Japanese Beetle

Japanese beetle interactive map

Map of the distribution of Japanese beetles in Iowa. Hover your curser over the map to view county names and the number of reports.

Description of Japanese beetles

The Japanese beetle (Popillia japonica) is the most destructive insect pest in the landscape and garden. It was first found in this country in 1916, near Riverton, New Jersey, after arriving in nursery stock from Japan. Japanese beetle infestations slowly expanded southward and westward and are now found from the Atlantic Ocean to the Rocky Mountains. Japanese beetle in the U.S. and Canada

Japanese beetle
Japanese Beete Adult

The Japanese beetle did not appear in Iowa until 1994 but is now found in over 3/4ths of the state.    

The Japanese beetle is the "worst landscape pest in America" because it damages plants in both the adult and larval stages. As an adult beetle in mid-summer, the beetles are known to devour the foliage, flowers, and fruit from more than 300 species of plants. The rest of the year, the larvae are white grubs that live in the soil and eat the roots from trees, shrubs, and turfgrass. Damaged turf wilts, turns tan, and dies during August or September after the roots are eaten. Click here to read more about white grubs and their control in turfgrass.  

Adult beetles emerge in mid-June through July. They are similar to other Junebugs in general appearance, and 3/8 inch long and 1/4 inch wide. The head and thorax are shiny metallic green, and the wing covers are coppery red. The row of five tufts of white hairs on each side of the abdomen is a distinguishing feature. 

Life cycle of Japanese beetles

Japanese beetle larvae are annual white grubs. The grubs are C-shaped and approximately 1.25 inches when fully grown.  Adult females lay eggs in moist sod in July. Larvae live in the soil, where they feed on plant roots (especially turfgrass) and organic matter.  Grubs are underground from August until the following June when the larvae pupate and transform to the adult stage, then emerge as adults to repeat the cycle.  Japanese beetles are highly variable from place to place and from year to year. 

Japanese beetle feeding on the leaves caused this linden tree to turn completely brown
Linden tree defoliated by Japanese beetles.

Damage caused by Japanese beetles

Adult beetles eat the foliage, fruits, and flowers of over 300 plants. Foliage is consumed by eating the tissue between the veins but leave the veins, a type of feeding called skeletonization. Flowers and fruits may be devoured completely, often by a horde of a dozen or more beetles at a time.  Trees, shrubs, grapes, and other plants often turn brown in August because of the feeding damage.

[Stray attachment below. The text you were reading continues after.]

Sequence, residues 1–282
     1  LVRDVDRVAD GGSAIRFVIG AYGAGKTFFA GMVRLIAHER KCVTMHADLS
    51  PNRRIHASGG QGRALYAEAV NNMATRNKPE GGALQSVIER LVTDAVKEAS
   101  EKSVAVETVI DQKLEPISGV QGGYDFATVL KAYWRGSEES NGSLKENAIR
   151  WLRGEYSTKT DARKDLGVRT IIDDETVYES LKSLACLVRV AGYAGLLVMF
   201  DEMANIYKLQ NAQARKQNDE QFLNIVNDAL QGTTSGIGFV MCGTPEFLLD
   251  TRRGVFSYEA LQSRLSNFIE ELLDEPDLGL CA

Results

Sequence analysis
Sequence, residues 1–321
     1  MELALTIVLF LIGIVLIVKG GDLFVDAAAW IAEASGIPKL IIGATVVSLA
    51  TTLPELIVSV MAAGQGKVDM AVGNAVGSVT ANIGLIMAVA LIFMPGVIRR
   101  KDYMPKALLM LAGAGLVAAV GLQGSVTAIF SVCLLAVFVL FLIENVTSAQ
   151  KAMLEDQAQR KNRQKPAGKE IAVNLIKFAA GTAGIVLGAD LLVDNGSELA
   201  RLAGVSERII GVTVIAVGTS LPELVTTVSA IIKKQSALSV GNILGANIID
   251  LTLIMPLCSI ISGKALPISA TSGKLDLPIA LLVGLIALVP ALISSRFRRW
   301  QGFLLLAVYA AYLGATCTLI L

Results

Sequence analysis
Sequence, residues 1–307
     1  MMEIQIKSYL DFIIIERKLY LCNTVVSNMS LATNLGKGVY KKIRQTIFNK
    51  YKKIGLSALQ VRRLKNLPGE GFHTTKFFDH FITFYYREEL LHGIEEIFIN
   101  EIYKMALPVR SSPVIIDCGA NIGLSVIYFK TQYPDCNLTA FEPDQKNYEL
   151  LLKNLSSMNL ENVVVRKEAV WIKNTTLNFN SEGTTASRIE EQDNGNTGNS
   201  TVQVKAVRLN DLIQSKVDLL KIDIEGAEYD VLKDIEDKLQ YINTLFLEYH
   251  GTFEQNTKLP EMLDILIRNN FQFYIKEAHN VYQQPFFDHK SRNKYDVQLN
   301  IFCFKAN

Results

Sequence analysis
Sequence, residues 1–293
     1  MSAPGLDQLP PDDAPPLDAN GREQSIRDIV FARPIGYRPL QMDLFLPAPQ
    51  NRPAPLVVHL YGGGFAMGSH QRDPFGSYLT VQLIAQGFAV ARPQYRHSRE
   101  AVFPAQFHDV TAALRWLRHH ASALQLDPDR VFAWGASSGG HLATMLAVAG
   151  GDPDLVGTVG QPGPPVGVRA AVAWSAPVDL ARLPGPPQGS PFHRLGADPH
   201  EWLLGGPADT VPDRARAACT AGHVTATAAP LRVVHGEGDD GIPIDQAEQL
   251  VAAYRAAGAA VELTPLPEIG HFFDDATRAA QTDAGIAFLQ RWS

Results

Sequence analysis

It is typical of Japanese beetles and other invasive species to go through an "invasion cycle" where the first discovery of the pest is followed by a few years of low abundance and then rapid or "explosive" or exponential growth of the population.  Each location with Japanese beetles goes through the same cycle but at different times in different places. Often there is huge variation within a city block or neighborhood.  Some Iowans are seeing the Japanese beetles for the first time, some are experiencing the explosive growth and severe defoliation, and some are past the peak and see the natural variation in abundance from year to year.

Management of Japanese beetles

Control of adult beetles is difficult because they emerge every day for several weeks.  Also, there are no easy answers or at least no popular answers. There also is no one correct answer.  Persistence, diligence, and repeated efforts are necessary because beetles emerge every day for several weeks. By mid-July, beetle emergence is at its peak, and anything done after a majority of beetles have emerged, and plants are already damaged will be too-little-too-late. 

Japanese beetles eat the green materials from between the leaf veins
Japanese beetles eat the leaf material from between the veins.  Photo by Steven Katovich, Bugwood.org

Available control options all have limitations and variable applicability.  Options include tolerating the damage, handpicking and screening, insecticide application.

Tolerate the damage.  Japanese beetle defoliation is not fatal to otherwise healthy plants.  Linden, crabapple, cherry, and other trees and shrubs look terrible when defoliated, but they are not dead.  The trees are stressed but usually recover with new leaves in the fall or the following spring. Don't cut down a defoliated tree unless you want to remove the tree and plant something else.  Young, newly planted, or unhealthy trees should be protected from severe defoliation to prevent stress, stunting, or death.

Handpicking and screening.  Mechanical controls may be useful in isolated situations with small plants and a limited number of beetles. There is little appeal to handpicking in large gardens or on large plants.  Even for a small number of small plants, handpicking becomes a laborious hobby to keep up with beetles that appear daily, if not hourly.  Remove beetles early and often to preserve the beauty of the plant and to reduce the attraction of more beetles. Remove beetles early in the morning while temperatures are cool and the beetles are sluggish. Collect or shake beetles into a bucket of soapy water and discard.